Poor Grandmother-in-Law; I’m sure this is not the way anyone would choose to go, but hopefully the mind is thoroughly detached from the suffering and somewhere else entirely. Somewhere very nice indeed. Somewhere with palm trees, sunshine, and a tall dark waiter and a tall sparkly drink, if that is the sort of thing she would like.

    • May

      I think I must’ve accidentally donned wet copper armour before clambering to the top of a mountain in a thunderstorm and shrieking ‘all Gods are BASTARDS!’.

      I think she’d’ve liked best the tea-room at the Ritz, complete with tea in a silver pot, cucumber sandwiches, and a tall dark waiter offering her fairy-cakes and calling her ‘madam’. But yes, I do very much hope her mind was THERE, or thereabouts, seeing as it was no longer here.


  • Elizabeth :: Bébé Suisse

    Well, I liked the first part of this post, when I thought you’d thwarted the period by rebooking the going away, but then I got to the second part …. I’m sorry to hear about your grandmother-in-law, but I can understand the relief that is inherent when the state of the body begins to catch up to that of the mind. I hope her passing occurs as smoothly and gently as possible, as well as in such a way that you can enjoy the getaway you deserve.

    • May

      Thank you, indeed. It was all going so well, with the plans! Aigh!

      Luckily, she fell asleep and stayed asleep and never woke up again, in the end, so it was peaceful and gentle. So there’s that. Which is something, for her children at least, if not for her.

  • twangy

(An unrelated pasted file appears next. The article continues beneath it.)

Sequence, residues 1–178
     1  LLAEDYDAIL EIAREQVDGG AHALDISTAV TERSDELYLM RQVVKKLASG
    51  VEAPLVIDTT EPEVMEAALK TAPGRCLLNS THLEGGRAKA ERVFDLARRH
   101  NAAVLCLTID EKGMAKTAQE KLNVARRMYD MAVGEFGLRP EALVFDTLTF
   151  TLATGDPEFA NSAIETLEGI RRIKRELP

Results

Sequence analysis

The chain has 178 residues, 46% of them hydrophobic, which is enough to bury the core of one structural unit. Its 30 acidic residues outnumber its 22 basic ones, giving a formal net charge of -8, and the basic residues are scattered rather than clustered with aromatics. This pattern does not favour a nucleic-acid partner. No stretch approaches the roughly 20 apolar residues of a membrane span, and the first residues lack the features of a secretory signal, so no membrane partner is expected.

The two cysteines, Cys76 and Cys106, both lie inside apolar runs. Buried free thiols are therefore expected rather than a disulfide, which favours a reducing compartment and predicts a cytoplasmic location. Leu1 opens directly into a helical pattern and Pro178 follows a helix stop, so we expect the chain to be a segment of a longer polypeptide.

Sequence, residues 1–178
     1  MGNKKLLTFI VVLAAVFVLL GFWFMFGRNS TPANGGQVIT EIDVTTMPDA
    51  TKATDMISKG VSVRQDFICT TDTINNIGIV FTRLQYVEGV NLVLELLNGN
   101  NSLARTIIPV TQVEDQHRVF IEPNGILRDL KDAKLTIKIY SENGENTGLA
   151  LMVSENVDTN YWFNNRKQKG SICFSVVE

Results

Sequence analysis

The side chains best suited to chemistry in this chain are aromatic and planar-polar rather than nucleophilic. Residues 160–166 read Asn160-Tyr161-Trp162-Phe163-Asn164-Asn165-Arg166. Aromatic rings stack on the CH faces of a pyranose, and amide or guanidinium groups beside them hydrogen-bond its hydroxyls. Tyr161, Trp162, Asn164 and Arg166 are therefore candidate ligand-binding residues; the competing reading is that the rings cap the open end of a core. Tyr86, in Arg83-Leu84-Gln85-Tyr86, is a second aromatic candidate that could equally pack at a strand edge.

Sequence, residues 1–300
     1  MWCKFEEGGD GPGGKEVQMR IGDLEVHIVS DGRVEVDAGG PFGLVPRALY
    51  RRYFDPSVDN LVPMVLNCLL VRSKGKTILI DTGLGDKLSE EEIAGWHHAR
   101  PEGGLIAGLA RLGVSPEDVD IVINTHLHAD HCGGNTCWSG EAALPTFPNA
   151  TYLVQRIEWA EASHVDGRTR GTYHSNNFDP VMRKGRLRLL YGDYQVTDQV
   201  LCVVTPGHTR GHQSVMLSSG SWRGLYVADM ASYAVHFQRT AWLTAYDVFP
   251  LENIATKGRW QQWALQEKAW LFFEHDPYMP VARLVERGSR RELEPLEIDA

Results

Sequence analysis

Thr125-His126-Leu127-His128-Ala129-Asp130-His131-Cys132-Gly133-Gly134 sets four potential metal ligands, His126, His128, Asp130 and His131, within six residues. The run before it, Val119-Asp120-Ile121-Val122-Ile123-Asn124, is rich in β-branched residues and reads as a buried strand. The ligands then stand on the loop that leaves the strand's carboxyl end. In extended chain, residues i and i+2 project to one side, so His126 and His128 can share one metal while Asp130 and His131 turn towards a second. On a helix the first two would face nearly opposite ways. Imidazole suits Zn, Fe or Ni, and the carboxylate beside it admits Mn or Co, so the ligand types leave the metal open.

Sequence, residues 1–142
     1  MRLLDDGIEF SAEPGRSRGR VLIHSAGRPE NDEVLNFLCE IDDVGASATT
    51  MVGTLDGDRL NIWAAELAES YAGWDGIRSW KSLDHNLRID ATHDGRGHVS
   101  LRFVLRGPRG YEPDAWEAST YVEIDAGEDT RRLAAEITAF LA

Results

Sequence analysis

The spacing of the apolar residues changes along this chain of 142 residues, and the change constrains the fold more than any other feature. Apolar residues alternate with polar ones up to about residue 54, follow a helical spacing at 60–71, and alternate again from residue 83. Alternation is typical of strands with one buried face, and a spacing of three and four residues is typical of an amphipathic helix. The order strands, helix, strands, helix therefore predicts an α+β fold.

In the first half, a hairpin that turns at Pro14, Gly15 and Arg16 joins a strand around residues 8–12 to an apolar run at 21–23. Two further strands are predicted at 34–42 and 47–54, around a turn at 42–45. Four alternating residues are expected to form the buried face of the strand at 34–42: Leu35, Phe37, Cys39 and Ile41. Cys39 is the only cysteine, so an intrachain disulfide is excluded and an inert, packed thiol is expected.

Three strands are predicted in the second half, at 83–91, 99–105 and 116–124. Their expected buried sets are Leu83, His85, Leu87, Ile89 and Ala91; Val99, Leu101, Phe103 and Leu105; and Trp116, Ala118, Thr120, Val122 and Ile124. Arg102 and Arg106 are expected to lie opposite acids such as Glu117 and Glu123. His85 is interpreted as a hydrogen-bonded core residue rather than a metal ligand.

It is very uncomfortable to feel vexed and sad at the one time isn’t it. And yet so human.

    Oh dear. Hoping for best. And for you to feel better.

  • Katie

    We thought of putting off going away around Easter for the exact same reason – but we just decided that we could not put off life for uncertainty – a lesson we all learn in infertility.

  • bionicbrooklynite

    I am glad of the lessening of pain for you, though the nausea — too mild a word — is still awfully unfair. I know what you mean about the non-drinking kind. It is the most brutal.

    Sorrow for and sympathies to you and H. I hope you do get some kind of break, despite it all.

    • May

      I can’t tell you how nice it is to sit up in bed the next day and EAT A WHOLE RICE CAKE. Not normally one of life’s extreme pleasures, I grant you, but once a month, there it is, bliss in what seems to be basically a drinks coaster.

  • a

    Maybe H could learn to insert IVs for saline delivery? 🙂

    I’m sorry to hear about H’s Grandmother. I’m also sorry that you’re trapped in the waiting room. There’s no way that this won’t hang over your holiday, so I hope the influence is minimal.

    Happy Birthday, anyway.

    • May

      Considering H’s attitude to needles… Well, we don’t need BOTH of us pea-green and lying on the bathroom floor.

      Ta for birthday wishes.